The Fear of Getting Old

We live in an ageist culture. It’s not only that we’re terrified of death and hurry to sequester the topic away under the nearest rock or stuff it into the closest corner; it’s that, in a culture that reveres youth, beauty, and physical perfection, we fear aging itself. We fear the lines that inevitably appear on faces. We fear the roundness and softness of skin and bodies. We fear the gray hairs that sprout out as if to say, “Welcome to aging! No matter what you do, you won’t be able to fight the passage of time.” But we live in a culture that encourages us to fight it: to dye, exercise, and Botox the signs of aging away as quickly as they begin.

Like caring about what others think, absorbing other people’s lives, the fear of failure, and the addiction to perfection, the fear of aging is another byproduct of living in a culture that is largely informed by the externalization of self. The underlying and pervasive message is that our worth is based on externals – how well we do in school, how much money we make, who we marry (and that we marry at all), what we look like – and we’re conditioned from an early age to follow the timeline and expectations of the culture, which don’t allow for coloring outside the lines and following our own needs, preferences, and temperament. It’s an externally-referenced model at every turn.

Of course, this extends to the aging process. If self-worth is based on smooth skin and non-gray hair, what happens when age exacts its claim? If our self-worth is attached to any external, and we know that one of the principles of life on this planet is that we’re subject to the ever-changing river of impermanence, it becomes immediately clear that our reliance on externals for self-worth is a recipe for emptiness, self-doubt, and, of course, anxiety.

This is not the case in every culture. One of my favorite parts of the documentary “Happy” – and I loved the entire film from start to finish – was the section on the culture of Okinawa, Japan, where they discussed that one of the secrets to their renowned longevity and basic sense of wellness is their respect for the elderly. Elderly people are seen as carriers of wisdom and, as such, are regarded as treasures in the culture. They even have a national holiday called “Respect for the Aged Day” where elderly people are honored throughout the community with parties and gifts. There seems to be a widespread understanding in the culture that getting older is not something to hide and feel ashamed of but is an achievement worthy of celebration, and so people don’t fear aging as much as we do here in the West. As May Sarton writes, “My neighbor’s wish to be known forever as thirty-nine years old made me think again of what K said in her letter about the people in their thirties mourning their lost youth because we have given them no ethos that makes maturity appear as an asset.” And it’s not only that maturity isn’t seen as an asset; it’s seen as a liability.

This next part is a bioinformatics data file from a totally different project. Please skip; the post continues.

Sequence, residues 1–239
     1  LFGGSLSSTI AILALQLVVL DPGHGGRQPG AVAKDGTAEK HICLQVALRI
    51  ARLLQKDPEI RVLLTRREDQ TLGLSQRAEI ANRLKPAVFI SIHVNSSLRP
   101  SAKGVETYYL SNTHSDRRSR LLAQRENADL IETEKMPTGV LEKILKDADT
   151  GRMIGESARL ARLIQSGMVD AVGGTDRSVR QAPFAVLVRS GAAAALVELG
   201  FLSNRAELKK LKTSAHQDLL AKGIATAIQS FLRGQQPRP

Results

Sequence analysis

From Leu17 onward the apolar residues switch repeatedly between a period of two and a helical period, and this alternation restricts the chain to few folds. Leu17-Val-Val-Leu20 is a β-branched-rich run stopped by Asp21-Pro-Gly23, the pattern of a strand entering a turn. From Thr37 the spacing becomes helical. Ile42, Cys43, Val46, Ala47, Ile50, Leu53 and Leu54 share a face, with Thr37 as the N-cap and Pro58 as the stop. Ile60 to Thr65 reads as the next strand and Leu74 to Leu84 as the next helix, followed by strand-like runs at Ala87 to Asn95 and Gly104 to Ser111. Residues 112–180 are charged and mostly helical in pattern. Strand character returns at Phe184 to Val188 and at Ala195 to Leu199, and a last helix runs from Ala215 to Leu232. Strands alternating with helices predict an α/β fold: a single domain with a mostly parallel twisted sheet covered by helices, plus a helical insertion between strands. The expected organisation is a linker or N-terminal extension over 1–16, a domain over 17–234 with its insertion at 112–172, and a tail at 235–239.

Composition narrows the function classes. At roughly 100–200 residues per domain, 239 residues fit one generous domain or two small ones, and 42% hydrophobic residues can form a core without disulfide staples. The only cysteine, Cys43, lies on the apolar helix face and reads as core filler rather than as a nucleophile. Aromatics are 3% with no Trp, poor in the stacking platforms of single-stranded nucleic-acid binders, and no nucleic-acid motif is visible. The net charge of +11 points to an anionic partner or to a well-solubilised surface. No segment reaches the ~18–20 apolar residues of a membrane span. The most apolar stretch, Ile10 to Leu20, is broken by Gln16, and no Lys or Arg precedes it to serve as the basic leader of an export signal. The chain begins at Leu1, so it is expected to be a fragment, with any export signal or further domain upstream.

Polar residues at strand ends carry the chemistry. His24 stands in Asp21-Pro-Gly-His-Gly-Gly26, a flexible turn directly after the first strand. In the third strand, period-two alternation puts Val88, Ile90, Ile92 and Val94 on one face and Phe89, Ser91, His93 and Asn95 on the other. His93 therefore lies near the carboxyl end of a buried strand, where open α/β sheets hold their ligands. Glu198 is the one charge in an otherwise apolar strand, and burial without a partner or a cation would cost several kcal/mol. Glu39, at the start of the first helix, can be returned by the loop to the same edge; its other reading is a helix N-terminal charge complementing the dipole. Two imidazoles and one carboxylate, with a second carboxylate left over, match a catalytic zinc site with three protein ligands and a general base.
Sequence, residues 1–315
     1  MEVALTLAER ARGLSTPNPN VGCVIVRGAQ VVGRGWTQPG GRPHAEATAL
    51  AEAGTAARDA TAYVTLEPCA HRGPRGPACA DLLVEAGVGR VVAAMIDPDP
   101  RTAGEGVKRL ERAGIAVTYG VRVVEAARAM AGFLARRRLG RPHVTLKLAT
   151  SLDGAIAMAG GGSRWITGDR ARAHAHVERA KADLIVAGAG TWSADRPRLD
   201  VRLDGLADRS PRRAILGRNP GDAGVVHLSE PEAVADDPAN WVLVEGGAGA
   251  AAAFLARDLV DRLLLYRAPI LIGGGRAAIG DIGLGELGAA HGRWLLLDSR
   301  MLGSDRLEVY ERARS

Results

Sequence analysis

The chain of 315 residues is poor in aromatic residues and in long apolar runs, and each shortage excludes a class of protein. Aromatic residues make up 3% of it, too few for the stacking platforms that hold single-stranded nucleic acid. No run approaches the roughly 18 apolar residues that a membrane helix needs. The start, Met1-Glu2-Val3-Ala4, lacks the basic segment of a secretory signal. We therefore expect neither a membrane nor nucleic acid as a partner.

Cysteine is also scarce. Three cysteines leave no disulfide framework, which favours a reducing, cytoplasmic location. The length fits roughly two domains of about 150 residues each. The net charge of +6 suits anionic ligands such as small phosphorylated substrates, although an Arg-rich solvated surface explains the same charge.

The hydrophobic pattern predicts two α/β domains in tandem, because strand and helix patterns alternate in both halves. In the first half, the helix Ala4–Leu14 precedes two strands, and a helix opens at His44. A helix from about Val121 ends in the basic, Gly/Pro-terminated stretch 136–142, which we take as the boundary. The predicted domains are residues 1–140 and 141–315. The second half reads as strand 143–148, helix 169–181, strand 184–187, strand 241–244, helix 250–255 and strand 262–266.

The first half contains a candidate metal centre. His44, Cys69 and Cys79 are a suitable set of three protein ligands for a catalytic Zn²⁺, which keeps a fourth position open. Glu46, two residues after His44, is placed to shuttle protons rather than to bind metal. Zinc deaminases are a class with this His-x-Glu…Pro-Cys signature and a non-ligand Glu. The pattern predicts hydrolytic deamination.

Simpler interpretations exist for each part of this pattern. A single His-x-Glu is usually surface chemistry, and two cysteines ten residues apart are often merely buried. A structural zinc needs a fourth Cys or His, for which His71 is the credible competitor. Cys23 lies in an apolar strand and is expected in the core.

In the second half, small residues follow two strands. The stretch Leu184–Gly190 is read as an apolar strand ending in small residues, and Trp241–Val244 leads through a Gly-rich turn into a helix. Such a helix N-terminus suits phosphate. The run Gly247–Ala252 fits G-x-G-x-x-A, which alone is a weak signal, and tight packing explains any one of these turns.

Over the last few weeks, as I approached my 47th birthday and thought about aging, one particular image kept coming to mind: my son’s Bar Mitzvah over the summer when my ring of soul-sisters gathered from all parts of the country and we danced in a circle under a white tent, and as I looked around – at our beautifully aging faces, our lines and gray hair and rounder bodies – I felt such a surge of tenderness for our vulnerability and also for the unspeakable blessing of moving through the ages together. From elementary school through adolescence, into twenties, thirties, forties and beyond, we have held each other through every dark night and celebrated every joy to arrive at that moment of celebrating my fourteen year old son’s transition into adulthood. The wisdom we’ve gleaned lives in our faces, our triumphs speak through our bodies, our hair tells the stories of our traumas and joys. There is no part of these sacred bodies that do not tell and carry our stories, the strands of our history that comprise the quilt of our lives.

The culture tells us that the process of aging is something to be avoided and feared, but what could possibly be loathsome about the blessing of growing old together? In seeking to erase the evidence of our stories, the culture tells us to silence our voices, our wisdom, our songs. We will not be silenced. As Marion Woodman says, “Tell the image makers and magazine sellers and the plastic surgeons that you are not afraid. That what you fear the most is the death of imagination and originality and metaphor and passion. Then be bold and LOVE YOUR BODY. STOP FIXING IT. It was never broken.”

We think that what we fear most is the aging process or death itself, but what we truly fear – what causes soul-quaking and heart-withering – is the death of imagination. What we fear most is the lack of wisdom and sources of true connection that help us tap into this wisdom. What we long for is the poetry of being alive, the poetry that helps us make sense of being alive. What we crave in our cells is not youth or physical perfection but the inner rudders and outer guideposts – the rituals, the dreams, the metaphors – that teach us to live life more fully and to inhabit the blessing of these bodies through each stage of life.

Tonight, as I cross the threshold from forty-six to forty-seven, I will sit with my Colorado sisters, in ritual, in circle, with our hearts open like petals as we reflect together on what it means to age, on stepping into new stages of life, on motherhood and children and how to let go and come back to the central column of Self. They will hold me in their love and through the ache I feel every year at the waning light, the ache that weeps my heart at the awareness of the passage of time, and I will breathe into the blessing of allowing my community to catch the ball of my ache in their rainbow parachute and bounce it back up as joy.

***

The best immunization against the misguided mindsets and expectations of our culture is to strengthen your central column and fill the well of self from the inside out. When you know yourself and love yourself, you will naturally trust yourself, and when you trust yourself you can push against the cultural expectations that tell you how life and love “should” be and instead live your life according to your own rhythms, temperament, and timeline. This is what I teach in Trust Yourself: A 30-day Program to Help You Overcome Your Fear of Failure, Caring What Others Think, Perfectionism, Difficulty Making Decisions, and Self-Doubt. This is the last week to sign up, and I won’t be offering it for at least another six months. You can learn more and sign up here. The following articles discuss various aspects of self that are negatively impacted by lack of self-trust: